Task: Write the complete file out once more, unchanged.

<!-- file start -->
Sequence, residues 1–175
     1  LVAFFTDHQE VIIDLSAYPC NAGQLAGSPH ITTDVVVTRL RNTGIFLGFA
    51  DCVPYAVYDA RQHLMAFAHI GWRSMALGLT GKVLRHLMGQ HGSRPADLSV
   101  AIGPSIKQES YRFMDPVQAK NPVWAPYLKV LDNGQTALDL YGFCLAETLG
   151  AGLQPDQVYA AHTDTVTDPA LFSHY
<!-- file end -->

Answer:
Sequence, residues 1–175
     1  LVAFFTDHQE VIIDLSAYPC NAGQLAGSPH ITTDVVVTRL RNTGIFLGFA
    51  DCVPYAVYDA RQHLMAFAHI GWRSMALGLT GKVLRHLMGQ HGSRPADLSV
   101  AIGPSIKQES YRFMDPVQAK NPVWAPYLKV LDNGQTALDL YGFCLAETLG
   151  AGLQPDQVYA AHTDTVTDPA LFSHY